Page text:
Well known for penning the screenplay for Gone with the Wind, Sidney Coe Howard was a successful and well-loved playwright, novelist and screenwriter until his tragic death at his farm in Tyringham, Massachusetts in 1939. The Sidney Coe Howard papers (BANC MSS 70/185 z) bring a bit of Hollywood glamour and Broadway pizzazz to the dusty, yet hallowed halls of the Bancroft with their extensive documentation of not only Coe Howard’s writerly output, but, moreover, the early years of the film industry and the socio-cultural milieu in which he flourished. A native son of Oakland, California and graduate of U.C. Berkeley, Coe Howard went on to make his home and career in New York City, Los Angeles and Massachusetts. A writer and editor for such magazines as Life, The New Republic and Collier’s, Coe Howard staged his first play, Swords, in 1921, and had a successful career in the translation and adaptation of foreign plays until 1929, when he started writing for film in earnest. In 1925, he won the Pulitzer Prize for Drama, for the 1924 Theatre Guild production of his play, They Knew What They Wanted. Among his other plays, manuscripts of which are included in the collection, are Ned McCobb’s Daughter, The Silver Cord, Yellow Jack, Alien Corn, Lute Song and his adaptation of Carl van Doren’s Benjamin Franklin, his final piece of writing.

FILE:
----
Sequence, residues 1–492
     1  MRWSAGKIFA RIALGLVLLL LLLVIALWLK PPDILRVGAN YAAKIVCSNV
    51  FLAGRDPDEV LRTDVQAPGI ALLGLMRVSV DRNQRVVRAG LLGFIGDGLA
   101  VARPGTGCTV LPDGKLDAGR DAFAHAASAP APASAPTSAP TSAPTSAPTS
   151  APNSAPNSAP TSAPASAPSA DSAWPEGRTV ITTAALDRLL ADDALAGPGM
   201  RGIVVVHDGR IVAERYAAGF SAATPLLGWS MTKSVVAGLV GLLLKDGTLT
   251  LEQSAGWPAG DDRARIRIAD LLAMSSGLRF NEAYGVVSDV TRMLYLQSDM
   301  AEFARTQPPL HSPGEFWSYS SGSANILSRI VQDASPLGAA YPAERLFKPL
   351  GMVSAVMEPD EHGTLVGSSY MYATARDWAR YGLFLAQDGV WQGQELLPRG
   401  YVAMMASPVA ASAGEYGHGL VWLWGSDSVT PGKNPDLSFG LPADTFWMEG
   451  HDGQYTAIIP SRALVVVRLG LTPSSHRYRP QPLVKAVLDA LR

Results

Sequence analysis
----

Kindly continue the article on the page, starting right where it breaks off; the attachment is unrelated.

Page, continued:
Originally married to the actress Clare Eames, who herself died tragically at the age of 36, Coe Howard went on to marry Leopoldine (Polly) Damrosch, daughter of the New York Symphony Orchestra conductor, Walter Johannes Damrosch. Coe Howard had one daughter with Eames, Clare Jenness Eames Howard, who later changed her name to Jennifer, was herself a stage and film actress and, for a time, was married Samuel Goldwyn, Jr.
Mario H. Ramírez, Archivist